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Environmental Management

Mineable mineral deposits exist in both convenient and inconvenient locations, including near sensitive ecosystems and water resources. Poorly managed mining operations can not only lead to negative environmental impacts, but they can undermine relationships between a mining company, affected communities, and all levels of government.

The responsible management of natural resources and ecosystems—including soils, plants, animals, water and air, and the services they provide—is important to any society seeking sustainability. These elements underpin the health of communities and economies and must be protected for society to thrive over the long term.

Building Government Capacity for Effective Environmental Management in Mining

We work with governments to develop and implement policies, regulations, and tools for effective environmental management throughout the mining life cycle consistent with our flagship Mining Policy Framework.

Through our capacity-building support, technical assistance, events, and publications, we help policy-makers mitigate negative environmental and social impacts and facilitate successful environmental management in four main areas.


Sustainably regulating water use, discharges, and quality at the watershed level to protect water resources for communities and ecosystems alike.


Applying the mitigation hierarchy to avoid habitat loss, ecosystem fragmentation and degradation, pollution, and the introduction of invasive species.

Mine Waste

Ensuring waste systems and facilities are chemically and physically stable to eliminate risk of failure and minimize exposure to people, wildlife, and landscapes.

Emergency Preparedness and Response

Working with stakeholders to identify and understand risks across the mine life cycle, and ensure they are prepared to prevent, respond to, and recover from them.

Strengthening Environmental Practices in Mining Governance

Effective environmental management is founded on legal frameworks, regulations, and policies that position governments for successful management throughout mining operations.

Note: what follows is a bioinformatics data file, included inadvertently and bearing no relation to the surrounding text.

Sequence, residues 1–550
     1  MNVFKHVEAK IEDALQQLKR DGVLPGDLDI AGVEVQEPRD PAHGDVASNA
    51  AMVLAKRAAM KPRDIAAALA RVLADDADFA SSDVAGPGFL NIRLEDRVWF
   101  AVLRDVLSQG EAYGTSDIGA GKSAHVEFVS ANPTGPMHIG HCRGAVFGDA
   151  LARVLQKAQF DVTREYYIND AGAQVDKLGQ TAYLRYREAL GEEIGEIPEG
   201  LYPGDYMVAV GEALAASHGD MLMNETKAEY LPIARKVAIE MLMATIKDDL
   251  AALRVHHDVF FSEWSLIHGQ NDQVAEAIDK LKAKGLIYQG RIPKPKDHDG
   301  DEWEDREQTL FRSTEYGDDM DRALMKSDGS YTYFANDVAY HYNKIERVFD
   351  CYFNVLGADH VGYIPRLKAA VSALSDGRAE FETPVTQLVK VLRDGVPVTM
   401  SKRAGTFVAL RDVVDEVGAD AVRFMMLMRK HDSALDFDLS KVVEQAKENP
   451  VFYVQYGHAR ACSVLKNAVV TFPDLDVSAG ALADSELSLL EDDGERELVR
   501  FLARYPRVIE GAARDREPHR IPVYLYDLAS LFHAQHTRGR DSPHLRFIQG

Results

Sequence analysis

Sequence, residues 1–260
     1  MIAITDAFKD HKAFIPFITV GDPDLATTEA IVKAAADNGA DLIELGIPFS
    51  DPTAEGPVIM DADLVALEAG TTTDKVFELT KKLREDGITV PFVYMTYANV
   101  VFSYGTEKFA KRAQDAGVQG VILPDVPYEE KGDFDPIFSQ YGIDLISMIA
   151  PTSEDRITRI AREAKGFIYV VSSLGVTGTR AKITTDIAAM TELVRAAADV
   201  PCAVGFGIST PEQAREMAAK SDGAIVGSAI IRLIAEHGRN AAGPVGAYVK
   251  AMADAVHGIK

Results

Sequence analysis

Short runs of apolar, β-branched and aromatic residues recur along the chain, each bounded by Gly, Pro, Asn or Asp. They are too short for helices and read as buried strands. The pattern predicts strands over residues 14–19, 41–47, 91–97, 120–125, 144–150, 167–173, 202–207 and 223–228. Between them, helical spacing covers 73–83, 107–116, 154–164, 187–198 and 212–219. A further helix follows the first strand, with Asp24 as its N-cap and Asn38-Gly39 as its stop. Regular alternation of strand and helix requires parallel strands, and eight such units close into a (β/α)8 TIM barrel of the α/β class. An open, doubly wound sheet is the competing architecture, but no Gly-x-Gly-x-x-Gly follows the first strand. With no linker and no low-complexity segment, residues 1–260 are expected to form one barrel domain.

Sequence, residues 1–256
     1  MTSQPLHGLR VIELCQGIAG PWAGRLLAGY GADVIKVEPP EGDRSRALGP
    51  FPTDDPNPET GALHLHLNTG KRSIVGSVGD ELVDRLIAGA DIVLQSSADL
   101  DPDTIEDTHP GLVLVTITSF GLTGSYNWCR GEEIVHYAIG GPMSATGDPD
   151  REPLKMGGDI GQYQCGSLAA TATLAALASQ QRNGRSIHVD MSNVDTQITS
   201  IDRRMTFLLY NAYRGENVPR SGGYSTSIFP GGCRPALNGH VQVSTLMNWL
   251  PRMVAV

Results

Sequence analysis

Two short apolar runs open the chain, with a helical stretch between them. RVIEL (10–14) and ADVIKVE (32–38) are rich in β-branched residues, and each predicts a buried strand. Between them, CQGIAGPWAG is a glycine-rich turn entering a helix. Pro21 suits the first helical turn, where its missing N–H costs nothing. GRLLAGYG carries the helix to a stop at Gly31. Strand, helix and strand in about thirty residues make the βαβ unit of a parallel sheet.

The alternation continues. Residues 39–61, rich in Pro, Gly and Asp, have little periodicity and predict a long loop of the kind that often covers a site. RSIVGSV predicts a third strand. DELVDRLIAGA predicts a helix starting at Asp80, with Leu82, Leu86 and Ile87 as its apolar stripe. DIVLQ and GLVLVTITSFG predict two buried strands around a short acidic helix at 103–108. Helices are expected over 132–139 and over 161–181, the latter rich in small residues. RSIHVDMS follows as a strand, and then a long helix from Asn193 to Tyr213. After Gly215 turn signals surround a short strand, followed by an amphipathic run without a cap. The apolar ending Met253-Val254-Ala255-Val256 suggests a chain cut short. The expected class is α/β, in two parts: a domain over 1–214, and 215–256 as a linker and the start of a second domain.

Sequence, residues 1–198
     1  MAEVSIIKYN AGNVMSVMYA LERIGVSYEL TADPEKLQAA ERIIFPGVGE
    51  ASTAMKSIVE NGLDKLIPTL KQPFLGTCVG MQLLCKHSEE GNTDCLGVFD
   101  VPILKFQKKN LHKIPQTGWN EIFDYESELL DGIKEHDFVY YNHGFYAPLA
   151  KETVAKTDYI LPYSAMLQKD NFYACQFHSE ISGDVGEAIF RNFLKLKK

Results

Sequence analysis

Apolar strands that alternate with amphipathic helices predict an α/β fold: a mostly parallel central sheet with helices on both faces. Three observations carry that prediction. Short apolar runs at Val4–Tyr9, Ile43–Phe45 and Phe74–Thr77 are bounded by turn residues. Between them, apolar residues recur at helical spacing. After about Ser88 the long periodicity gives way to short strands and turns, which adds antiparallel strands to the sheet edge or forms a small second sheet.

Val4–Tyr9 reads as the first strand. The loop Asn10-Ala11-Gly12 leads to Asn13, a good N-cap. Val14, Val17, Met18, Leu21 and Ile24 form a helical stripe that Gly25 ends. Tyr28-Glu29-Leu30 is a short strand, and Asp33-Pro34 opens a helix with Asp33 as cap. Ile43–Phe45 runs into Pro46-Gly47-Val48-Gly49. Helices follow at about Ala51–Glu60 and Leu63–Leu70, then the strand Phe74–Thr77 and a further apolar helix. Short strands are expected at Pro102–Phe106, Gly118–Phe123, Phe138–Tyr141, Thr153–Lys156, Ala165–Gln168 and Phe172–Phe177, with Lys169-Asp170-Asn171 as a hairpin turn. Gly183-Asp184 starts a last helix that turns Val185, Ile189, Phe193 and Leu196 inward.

We published Guidance for Governments: Environmental Management and Mining Governance to help policy-makers achieve this goal.

In this publication, governments can explore international practices and standards; crucial legislative, regulatory, and policy tools; and what they must do before, during, and after operations to ensure the promotion of sustainable environmental management in mining.


Additional Resources

Biodiversity and Mining Governance: Senegal and Turkey

This case study presents how mining impacts on biodiversity and ecosystems have been managed in Senegal and Turkey using the mitigation hierarchy.

Regulatory Continuous Improvement: Lessons from British Columbia’s new statutory audit function’

This IGF case study describes a new audit function to evaluate the effectiveness of the mining regulatory framework in British Columbia.

Surface Water Monitoring for the Mining Sector: Frameworks for governments

This document reviews water monitoring frameworks for mine water management by governments.

Mine Waste Management: Case studies from Ghana and Canada

Mining typically involves moving and processing large amounts of materials to extract the target commodity. This excess material is known as mine waste. These case studies show how gove

Mine Water Management: Case studies from Mongolia and Chile

As a significant user of water resources and a source of potential contaminants, mining requires effective governance at the watershed scale. These case studies show how two jurisdictio